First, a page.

My SXSW Interactive Panel Proposal and Picks

My SXSW Interactive Panel Proposal and Picks

Voting for SXSW Interactive panel proposals closes end-of-day tomorrow, and your little green thumbs-up counts for 30% of a panel’s chance of actually happening. Here’s the panel I proposed, the one I’ll be on (if it’s voted through), and others I’ve voted for. My panel proposal: How’d They DO That? Secrets of Web Superstars –a thinly-veiled excuse to interview my online idols and mentors Adam’s panel, which I’ll be on: Coding for Pleasure: Developing Killer Spare-Time Apps –in which the hows and whys of spare-time apps like MixTape.me, Texter, the Better Webapp extensions, Todo.txt CLI, and Twitalytic will be discussed danah boyd: Understanding Lies, Deception, and Truthiness in Social Media Jim Coudal and John Gruber: Online Advertising: Losing the Race to the Bottom Andy Baio: Gaming the Crowd: Turning Work Into Play Jen Bekman: Inbox Hero: Why Newsletters Matter More Than Ever Josh Clark (creator of the Couch to 5k program ): Nerds on the Run: Tech and Casual Fitness Post your picks for panels you’ve given the thumbs up in the comments, so we can help make the good stuff come to fruition in Austin this spring.

La macchina enigma da provare

La macchina enigma da provare

Per chi non sapesse che cos’è la macchina enigma è una delle prime macchine di cifratura a chiave variabile ed era in servizio all’esercito tedesco nei tempi della seconda guerra mondiale. O come meglio dice wikipedia: Enigma fu una macchina per cifrare (e decifrare) elettro-meccanica, al servizio delle forze armate tedesche. La sua facilità d’uso e Post correlati: msietri dlela mnete uamna…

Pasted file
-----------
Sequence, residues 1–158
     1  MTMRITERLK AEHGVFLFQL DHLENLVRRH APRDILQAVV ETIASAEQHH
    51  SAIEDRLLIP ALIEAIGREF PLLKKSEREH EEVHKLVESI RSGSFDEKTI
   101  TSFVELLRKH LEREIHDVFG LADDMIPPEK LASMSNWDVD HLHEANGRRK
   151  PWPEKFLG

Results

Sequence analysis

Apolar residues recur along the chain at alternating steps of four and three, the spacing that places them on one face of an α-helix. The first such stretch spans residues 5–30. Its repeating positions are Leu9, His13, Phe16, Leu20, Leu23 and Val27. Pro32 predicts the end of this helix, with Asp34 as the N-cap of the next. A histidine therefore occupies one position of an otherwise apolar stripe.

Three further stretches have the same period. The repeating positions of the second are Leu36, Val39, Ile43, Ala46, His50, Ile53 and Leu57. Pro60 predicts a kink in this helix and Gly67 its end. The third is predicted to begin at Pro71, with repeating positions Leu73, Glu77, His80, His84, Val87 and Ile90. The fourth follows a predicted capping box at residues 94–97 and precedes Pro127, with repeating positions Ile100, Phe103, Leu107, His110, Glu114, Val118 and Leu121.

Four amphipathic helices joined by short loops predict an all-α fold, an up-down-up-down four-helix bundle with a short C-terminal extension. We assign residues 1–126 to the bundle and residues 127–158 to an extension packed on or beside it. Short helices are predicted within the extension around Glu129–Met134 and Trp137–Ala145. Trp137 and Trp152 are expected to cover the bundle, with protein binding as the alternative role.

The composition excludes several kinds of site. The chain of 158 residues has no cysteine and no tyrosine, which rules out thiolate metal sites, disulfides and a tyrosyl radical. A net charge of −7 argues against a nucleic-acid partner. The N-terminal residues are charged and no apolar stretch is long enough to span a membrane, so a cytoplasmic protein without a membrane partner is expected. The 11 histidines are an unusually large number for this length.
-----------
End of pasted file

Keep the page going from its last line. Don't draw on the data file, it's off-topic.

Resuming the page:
Firefox 3.5 Now Available–Google Gears, Tab Mix Plus Not Yet Compatible

Firefox 3.5 Now Available–Google Gears, Tab Mix Plus Not Yet Compatible

The official release of Firefox’s latest version 3.5 is available for download by the non-beta-testing public today. The folks at Mozilla Add-ons do a great job of nudging their extension authors to make their work compatible with new versions. Still, a few add-ons aren’t there yet, notably Google Gears (not hosted at Mozilla Add-ons) and Tab Mix Plus . Update: Testers tell me a developer build of Tab Mix Plus is Firefox 3.5 compatible. Thanks all! Luckily when you install Firefox 3.5 you get a warning upfront of which of your installed add-ons aren’t yet compatible, like the one I got today, pictured here.